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Rated 2.88 stars
by 652 people

ReelTalk Movie Reviews
A Hostile Hostel
by Adam Hakari

The cover of the H6: Diary of a Serial Killer DVD displays a critic's quote claiming the film to be "The Spanish answer to Hostel." This is a bit of false advertising, for while Hostel was a gore-laced cautionary tale of American tourists who become part of a pay-to-torture business, H6 is pretty much 90 minutes of one guy dismembering people. The only real thing these movies have in common involves characters meeting ghastly deaths. Lacking the darkly comic and satirical edge that made Eli Roth's bloodfest so morbidly alluring, H6 emerges as one of the most downright grim journeys your DVD player will ever take.

Over fifteen years ago, a man named Antonio Frau (Fernando Acaso) strangled and killed his girlfriend in a fit of rage. Now, thanks to what appears to be the most lax justice system in the world, Antonio has been released back into society, without so much as a single authority figure checking in. Having inherited an old brothel from his aunt, Antonio moves in with his new wife, Francisca (Maria Jose Bausa), and sets about starting life anew -- or so Francisca thinks. Instead, Antonio's murderous nature hasn't been swayed one bit.

While his new bride works the night shift at the hospital, Antonio stays home and lures prostitutes, pimps, and all manners of societal rejects to Room 6 of the brothel, where he unleashes unspeakable torture upon his captives. Antonio chronicles his homicidal exploits in great detail in a diary, slowly setting the situation up so that if he gets caught, a backup plan will ensure his freedom to kill another day.

Among a cadre of other detractions, H6 is foremost a narrative nightmare, its script liable to inspire any high school English teacher to tear off his/her scalp in frustration. The exposition comes across as shaky but rather swift and even a little atmospheric; the setting -- an abandoned brothel Antonio has inherited -- is quite dismal. And even though the dark setting and cinematography play a key part in turning up the film's sense of dread a few notches, I couldn't help feeling removed from the action, primarily because of some shoddy character development. 

For example, H6 can't seem to make up its mind about whether or not to give Antonio a motive. At first, he's depicted as a pure and simple psychopath, killing for the sake of killing, but later a religious angle is introduced that results in confusing things. Still, despite this iffy background, Acaso holds up well with his coldly evil performance.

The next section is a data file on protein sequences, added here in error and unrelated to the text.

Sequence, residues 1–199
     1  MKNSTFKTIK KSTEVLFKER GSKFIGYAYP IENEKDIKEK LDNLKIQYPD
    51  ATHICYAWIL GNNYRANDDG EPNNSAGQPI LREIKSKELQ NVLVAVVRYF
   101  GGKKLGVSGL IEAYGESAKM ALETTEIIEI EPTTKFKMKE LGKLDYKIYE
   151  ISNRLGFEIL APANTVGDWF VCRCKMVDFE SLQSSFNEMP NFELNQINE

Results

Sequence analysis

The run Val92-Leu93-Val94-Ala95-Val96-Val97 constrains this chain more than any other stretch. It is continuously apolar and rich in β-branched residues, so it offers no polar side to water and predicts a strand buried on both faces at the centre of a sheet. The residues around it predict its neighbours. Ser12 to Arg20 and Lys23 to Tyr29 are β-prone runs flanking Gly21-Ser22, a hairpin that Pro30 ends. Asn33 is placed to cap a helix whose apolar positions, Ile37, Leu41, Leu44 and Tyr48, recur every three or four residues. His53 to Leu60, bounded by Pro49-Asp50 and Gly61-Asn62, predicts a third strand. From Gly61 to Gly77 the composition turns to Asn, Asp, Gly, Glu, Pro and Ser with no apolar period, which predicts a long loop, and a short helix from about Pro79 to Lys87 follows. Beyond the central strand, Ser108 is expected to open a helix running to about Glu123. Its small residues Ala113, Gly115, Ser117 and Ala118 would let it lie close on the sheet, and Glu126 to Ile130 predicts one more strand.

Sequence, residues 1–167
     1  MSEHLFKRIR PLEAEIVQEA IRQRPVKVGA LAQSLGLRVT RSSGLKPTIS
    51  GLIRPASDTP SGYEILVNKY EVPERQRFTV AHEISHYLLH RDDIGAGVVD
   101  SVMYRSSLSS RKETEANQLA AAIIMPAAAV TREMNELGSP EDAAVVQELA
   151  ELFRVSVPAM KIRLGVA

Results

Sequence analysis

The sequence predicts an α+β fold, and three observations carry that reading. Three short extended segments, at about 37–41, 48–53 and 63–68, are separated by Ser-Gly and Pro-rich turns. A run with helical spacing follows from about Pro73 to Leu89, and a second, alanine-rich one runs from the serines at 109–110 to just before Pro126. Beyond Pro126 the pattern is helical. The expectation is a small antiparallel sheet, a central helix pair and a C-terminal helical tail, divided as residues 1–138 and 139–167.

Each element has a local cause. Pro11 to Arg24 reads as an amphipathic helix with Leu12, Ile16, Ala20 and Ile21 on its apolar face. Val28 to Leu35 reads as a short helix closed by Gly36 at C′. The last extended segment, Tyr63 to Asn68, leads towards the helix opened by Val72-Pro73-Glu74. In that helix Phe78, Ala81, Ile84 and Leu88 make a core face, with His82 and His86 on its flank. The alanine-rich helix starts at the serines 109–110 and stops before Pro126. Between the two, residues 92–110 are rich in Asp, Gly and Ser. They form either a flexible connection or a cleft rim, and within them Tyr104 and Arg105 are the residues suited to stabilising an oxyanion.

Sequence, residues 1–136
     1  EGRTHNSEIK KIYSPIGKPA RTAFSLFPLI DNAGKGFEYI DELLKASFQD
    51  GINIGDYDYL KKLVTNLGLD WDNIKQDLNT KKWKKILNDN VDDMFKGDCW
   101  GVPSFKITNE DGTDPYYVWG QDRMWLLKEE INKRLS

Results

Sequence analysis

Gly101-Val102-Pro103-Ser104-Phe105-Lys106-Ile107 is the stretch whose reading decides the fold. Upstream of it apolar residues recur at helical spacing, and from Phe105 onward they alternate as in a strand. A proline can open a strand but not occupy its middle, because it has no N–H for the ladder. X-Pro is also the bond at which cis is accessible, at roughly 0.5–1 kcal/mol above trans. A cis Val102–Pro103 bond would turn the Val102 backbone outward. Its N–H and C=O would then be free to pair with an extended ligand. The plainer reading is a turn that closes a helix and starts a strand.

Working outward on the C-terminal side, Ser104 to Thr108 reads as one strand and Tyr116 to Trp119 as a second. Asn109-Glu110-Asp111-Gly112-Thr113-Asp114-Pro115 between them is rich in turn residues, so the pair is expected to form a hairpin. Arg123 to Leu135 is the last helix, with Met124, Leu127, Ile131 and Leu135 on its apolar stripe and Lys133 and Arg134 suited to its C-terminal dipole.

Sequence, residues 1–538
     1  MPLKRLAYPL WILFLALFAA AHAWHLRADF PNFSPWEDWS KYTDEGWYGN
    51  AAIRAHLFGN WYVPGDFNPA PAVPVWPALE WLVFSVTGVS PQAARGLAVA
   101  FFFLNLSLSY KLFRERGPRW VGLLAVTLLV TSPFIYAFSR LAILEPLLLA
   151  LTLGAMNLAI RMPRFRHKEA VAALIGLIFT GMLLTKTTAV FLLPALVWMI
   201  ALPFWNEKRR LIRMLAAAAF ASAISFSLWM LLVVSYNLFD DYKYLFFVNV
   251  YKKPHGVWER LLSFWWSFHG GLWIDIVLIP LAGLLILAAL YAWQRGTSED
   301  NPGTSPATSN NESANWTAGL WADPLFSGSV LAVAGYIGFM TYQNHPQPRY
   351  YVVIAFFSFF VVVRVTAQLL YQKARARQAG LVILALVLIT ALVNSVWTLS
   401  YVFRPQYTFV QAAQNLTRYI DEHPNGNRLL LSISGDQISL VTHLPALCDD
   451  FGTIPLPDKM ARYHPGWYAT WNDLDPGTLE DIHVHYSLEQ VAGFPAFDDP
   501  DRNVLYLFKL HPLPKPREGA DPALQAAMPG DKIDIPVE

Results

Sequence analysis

Also, although this might be a difference in culture, I  found it hard to swallow that Antonio would get married so swiftly to a woman who knows he's a convicted killer (any signs of his "redemption" are nowhere in sight in this film) and that no authority figures would stop by to see if the dude's up to his old tricks.

Aimless subplots abound here, including one about Francisca's affair with a doctor, and the movie has a habit of dawdling for ages upon unimportant supporting characters (namely Antonio's victims) and packing almost every minute with narration, even from sources that are onscreen for all of five minutes tops.

Most H6's running time is spent with Antonio enticing victims and yammering on before chopping them up with a chainsaw offscreen. As a result, H6 seems like a two-act movie, for just when the conclusion should be starting to become fleshed out and Antonio's intentions are becoming somewhat clearer, the ending credits have started to roll.  

Over the years, horror movies have come under fire for glorifying senseless violence and depicting such horrible acts of cruelty on the silver screen. I don't mind it personally, as long as there's a rhyme, reason, and sense of creativity behind the bloodletting. Unfortunately, in the case of the great-looking but dramatically sloppy and uninvolving H6: Diary of a Serial Killer, horror detractors will probably find more than a little evidence to back up their complaints.

MY RATING: * 1/2 (out of ****)

(Released by Tartan Video; not rated by MPAA.)

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